if ($control.FullName -ne $null -and -not($controls | ? { $_.Prefix -ieq $control.Prefix -and $_.Name -ieq $control.Name })) {
            $controls += $control
        }
    }

    $controls    
}

Get-ControlInformation $siteUrl  

SharePoint 2010 Management Console with the output of the Get Control Information command

Using the Site Collection URL we get the Site Collection for which we want to retrieve information about used controls (12). Next we retrieve the Master Page Gallery (14) and from there we iterate through all Master Pages and Page Layouts (15). For each file found we first get its contents (16) and then parse it to retrieve the information about which controls are used (17).

Before we start to build the list of controls that are being used we have to get some additional information about prefixes registered within the file. Without this we would just get the control name but we wouldn’t be able to link it back to the assembly where the control’s code is located. We get the information about registered tag prefixes using the Get-ControlPrefixes function (23). Using regular expressions we parse the file to get all Register directives from the page and from there we build the list of control prefixes registered within the file.

Note: At this moment this piece of the script has two limitations. First there is no support for User Controls which are ignored. The reason for this is the fact that you cannot really version them that easily given the fact that they are deployed to the SharePoint Root folder.

Another thing that the script doesn’t support is having the same prefixes pointing to different assemblies and/or namespaces. While perfectly doable in ASP.NET it’s not recognized by the script which in result would produce unreliable results. The only solution would be to use reflection to check from which of assembly/namespace the particular control is originating.

You might have noticed that all information about used controls is returned by the script as anonymous objects. The big advantage of this approach is that you can easily process the list further. For example, if you wanted to get the list of controls used on the ArticleLeft.aspx Page Layout only you could call the script as follows:

.\Get-ControlInformation.ps1 http://mavention | ? { $_.Url -ieq "_catalogs/masterpage/articleleft.aspx" }

Output of the Get Control Information command narrowed to the Article Left Page Layout only

To get the usage information for a specific control you could modify the call as follows:

.\Get-ControlInformation.ps1 http://mavention | ? { $_.FullName -eq "System.Web.UI.WebControls.SiteMapPath, System.Web, Version=2.0.0.0, Culture=neutral, PublicKeyToken=b03f5f7f11d50a3a" } | ft Url

Output of the Get Control Information command narrowed the Site Map Path control only

What Web Parts am I using?

Using the following PowerShell script you can find out which Web Parts are used where on your site:

param(  
    $siteUrl
)

function Get-WebPartInformation {  
    param(
        $siteUrl
    )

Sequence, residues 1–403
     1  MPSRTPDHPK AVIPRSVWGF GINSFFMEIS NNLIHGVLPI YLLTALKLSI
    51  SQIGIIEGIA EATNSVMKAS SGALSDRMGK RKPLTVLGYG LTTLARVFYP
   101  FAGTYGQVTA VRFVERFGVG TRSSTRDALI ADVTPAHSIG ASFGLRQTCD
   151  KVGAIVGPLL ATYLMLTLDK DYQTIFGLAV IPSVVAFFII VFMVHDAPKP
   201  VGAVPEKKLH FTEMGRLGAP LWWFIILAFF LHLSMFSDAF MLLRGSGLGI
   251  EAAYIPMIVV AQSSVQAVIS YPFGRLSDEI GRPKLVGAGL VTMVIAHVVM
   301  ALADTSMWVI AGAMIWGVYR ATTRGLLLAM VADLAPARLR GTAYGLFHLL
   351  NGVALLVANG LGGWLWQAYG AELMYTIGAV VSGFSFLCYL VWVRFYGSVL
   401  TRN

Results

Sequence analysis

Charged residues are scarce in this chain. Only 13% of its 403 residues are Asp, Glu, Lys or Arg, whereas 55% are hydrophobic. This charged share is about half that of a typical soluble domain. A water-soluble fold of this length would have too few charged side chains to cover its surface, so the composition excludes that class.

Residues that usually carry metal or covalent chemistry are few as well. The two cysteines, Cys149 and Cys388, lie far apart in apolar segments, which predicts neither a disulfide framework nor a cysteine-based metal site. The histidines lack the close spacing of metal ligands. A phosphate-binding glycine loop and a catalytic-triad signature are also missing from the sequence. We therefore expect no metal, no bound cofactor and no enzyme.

$webPartInformation = @()
    Get-SPSite $siteUrl | Get-SPWeb | % {
        if ([Microsoft.SharePoint.Publishing.PublishingWeb]::IsPublishingWeb($_)) {
            $pweb = [Microsoft.SharePoint.Publishing.PublishingWeb]::GetPublishingWeb($_)
            $pweb.GetPublishingPages() | % {
                $page = $_
                $file = $page.ListItem.File
                $wpmgr = $file.GetLimitedWebPartManager("Shared")
                $wpmgr.WebParts | % {
                    $webPartInformation += New-Object Object |
                        Add-Member NoteProperty PageUrl $page.Uri.ToString() -PassThru |
                        Add-Member NoteProperty Title $_.Title -PassThru |
                        Add-Member NoteProperty WebPart $_.GetType().AssemblyQualifiedName -PassThru
                }

                $wpmgr.Dispose()
            }
        }
    }

    $webPartInformation
}

Get-WebPartInformation $siteUrl  

Once again we start off by retrieving the Site Collection (11). From there we retrieve all Sites and we iterate through them (11). For every Site we check if it’s a Publishing Web (12). If it is, we retrieve all Publishing Pages (14) and for every page we get the list of all Web Parts used on that page (18). Similarly to the previous script the results are returned as anonymous object that you can pass down the PowerShell pipeline for further processing.

To get the list of all Web Parts used on all Publishing Pages within your site all you have to do is to execute the following call from the PowerShell console:

.\Get-WebPartInformation.ps1 http://mavention

SharePoint 2010 Management Shell with the output of the Get Web Part Information command

If you are interested only in Web Parts within a certain part of the site only, you could filter the results as follows:

.\Get-WebPartInformation.ps1 http://mavention | ? { $_.PageUrl -imatch "http://mavention/about*" }

Similarly you could scan your website for using a particular Web Part:

.\Get-WebPartInformation.ps1 http://mavention | ? { $_.WebPart -eq "Microsoft.SharePoint.Publishing.WebControls.ContentByQueryWebPart, Microsoft.SharePoint.Publishing, Version=14.0.0.0, Culture=neutral, PublicKeyToken=71e9bce111e9429c" }

Output of the Get Web Part Information command narrowed to the Content Query Web Part only

Summary

When working with shared components on multiple sites in a SharePoint Farm it’s important to know which components are used where on the Farm. This allows you to determine the impact of an upgrade and with that manage expectations of your customers. Using PowerShell you can easily retrieve the information about which controls and Web Parts are used where on your sites.